How Beauty, Health, and Wellness Businesses Can Use History to Impress and Attract Customers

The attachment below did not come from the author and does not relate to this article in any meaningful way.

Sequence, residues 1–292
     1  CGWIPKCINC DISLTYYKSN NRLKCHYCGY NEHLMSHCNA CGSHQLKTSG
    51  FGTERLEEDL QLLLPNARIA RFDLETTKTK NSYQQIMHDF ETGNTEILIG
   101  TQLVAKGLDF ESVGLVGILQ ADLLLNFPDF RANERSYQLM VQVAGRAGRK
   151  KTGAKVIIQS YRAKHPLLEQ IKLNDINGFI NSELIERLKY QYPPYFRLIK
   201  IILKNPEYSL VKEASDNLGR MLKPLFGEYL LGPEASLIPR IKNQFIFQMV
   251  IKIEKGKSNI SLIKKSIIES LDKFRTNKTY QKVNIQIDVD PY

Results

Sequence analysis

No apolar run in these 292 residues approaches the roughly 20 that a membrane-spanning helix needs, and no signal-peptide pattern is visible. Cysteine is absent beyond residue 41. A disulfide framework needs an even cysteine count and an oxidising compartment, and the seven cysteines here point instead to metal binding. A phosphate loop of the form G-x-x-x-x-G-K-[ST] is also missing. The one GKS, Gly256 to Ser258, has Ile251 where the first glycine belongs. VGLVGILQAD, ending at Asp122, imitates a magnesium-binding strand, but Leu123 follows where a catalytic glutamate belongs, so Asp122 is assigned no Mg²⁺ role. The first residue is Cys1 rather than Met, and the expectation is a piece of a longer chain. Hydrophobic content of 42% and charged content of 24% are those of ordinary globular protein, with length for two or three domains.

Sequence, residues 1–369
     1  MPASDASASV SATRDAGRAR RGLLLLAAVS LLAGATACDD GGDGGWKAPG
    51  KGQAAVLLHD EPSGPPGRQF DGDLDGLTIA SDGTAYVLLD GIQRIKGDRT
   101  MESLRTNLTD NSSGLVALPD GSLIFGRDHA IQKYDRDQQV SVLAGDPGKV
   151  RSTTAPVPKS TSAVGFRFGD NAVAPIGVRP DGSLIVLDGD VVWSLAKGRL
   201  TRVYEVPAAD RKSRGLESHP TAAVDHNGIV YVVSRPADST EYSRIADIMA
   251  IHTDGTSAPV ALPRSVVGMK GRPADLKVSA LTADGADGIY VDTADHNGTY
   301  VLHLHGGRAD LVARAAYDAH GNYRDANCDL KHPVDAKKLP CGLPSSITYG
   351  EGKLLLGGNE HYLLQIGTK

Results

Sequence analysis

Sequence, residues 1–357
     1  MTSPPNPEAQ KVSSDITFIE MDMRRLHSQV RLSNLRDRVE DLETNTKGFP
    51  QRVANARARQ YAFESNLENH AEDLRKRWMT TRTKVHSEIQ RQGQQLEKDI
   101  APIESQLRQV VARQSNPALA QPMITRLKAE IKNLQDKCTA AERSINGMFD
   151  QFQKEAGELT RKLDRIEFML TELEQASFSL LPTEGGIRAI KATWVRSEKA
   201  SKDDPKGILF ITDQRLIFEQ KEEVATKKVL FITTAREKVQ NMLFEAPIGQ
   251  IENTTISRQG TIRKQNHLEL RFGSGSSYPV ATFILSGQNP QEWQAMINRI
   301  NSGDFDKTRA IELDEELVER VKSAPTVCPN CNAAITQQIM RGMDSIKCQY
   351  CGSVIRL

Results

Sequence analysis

True story.Last February, I was having a “make-up lesson” at a wonderful cosmetics store in Salem, Massachusetts. The make-up artist (and store manager) naturally struck up a conversation by asking me what I did for a living.I explained that I worked with businesses in historical communities to incorporate history into their branding and marketing, and I also revealed that I was putting together a program for National Women’s History Month — which takes place every month in March. “I am a business owner and historian,” I continued.”That’s really interesting,” she said “but I don’t see how history could work here.”I immediately swung into action. “What do you know about the history of women’s cosmetics?” I asked her. After all, women have been using various potions and substances since ancient times – some of which we are rediscovering today, like mineral-based products.Make-up itself and standards of beauty have changed dramatically over the centuries as we see in portraits and, more recently, in photographs. Within the 20th century alone, think about make-up styles in the flapper era, in the silent and talk movies of the 1930s and 1940s, in the “domestic goddess” look of the 1950s, and the radical departures of the 1960s and 1970s. All of this history is fun to study, to question the meaning of, and to look at visually.As it turned out, my new friend the make-up artist had a personal passion about the history of women’s cosmetics. Perfect! I then made the following suggestions.• For the Women’s History Month program I was creating, I offered to let her give a talk on women’s cosmetics in eighteenth century America. Our theme was women retailers in eighteenth-century Salem, so her talk would fit right in. Her talk, business, and website would all be featured in marketing materials and social media communications.• On the day of her talk, which would take place at a popular Salem function hall, I suggested she could have a table with information, samples, members of her staff, etc. She also had 10% off postcards to give out to new customers.She was thrilled! These small actions would put her in front of new audiences AND give her the stature that comes from speaking knowledgeably about her industry’s history. She would also gain credibility as an active corporate citizen, which, in her case, as a new business in town, would do wonders.I suggested she could also write articles on the subject, publish a small book or Ebook, do a local cable show with a brief chat about make-up then and now and give live demonstrations, and the list goes on. Again, all of these actions would really set her apart from other make-up artists in a way that residents of a very historical region would notice.These ideas could also apply to skin care companies, hair salons, women’s clothing and accessory stores, jewelry boutiques – you name it!What about health and wellness businesses?Who else could benefit from this approach? Health clubs, spas, massage centers, and health care practices; chiropractors, acupuncturists, physical coaches, nutritionists, and other solo practitioners. Again, it’s a long list.Not only have standards of beauty changed over time, so have standards for women’s fitness, strength, and overall wellness. We have come a long way from the days of corsets, “women’s troubles” that were “evil” and never discussed, stress and anxiety that women were told existed only in our minds, and putting everyone else’s well being first to the detriment of our own.Today, we know so much more about nutrition, the benefits of exercise, non-Western remedies, the effects of stress, how connected our self-esteem is to our health and appearance, and that if we women take care of ourselves first we can more easily take care of others. Sometimes it’s helpful to look at how far we’ve come, and to celebrate where we are by renewing our commitment to beauty, health, and wellness – our own, and our customers’.More ideas to implementWomen’s History Month offers an annual opportunity to promote your beauty, health, or wellness business to women. Find out if your local historical society or museum is celebrating March. If they have no plans, offer to work with them to develop a program that’s a win for you and a win for them. You might consider collaborating with other woman-focused businesses in your community for a larger or multi-week event.Beyond March, think about ways in which you could insert your historical knowledge of your field into your historical society or museum’s lecture series or newsletter, publish your story in your local newspaper and on your website, create a fun “Did you know?” handout on your subject then and now. The possibilities are endless!This is an unusual marketing approach for beauty, health, and wellness businesses, but people who live in historical communities really are interested in history and they will appreciate your own interest.I truly believe that adopting some of these methods will position you and your business a cut above the rest!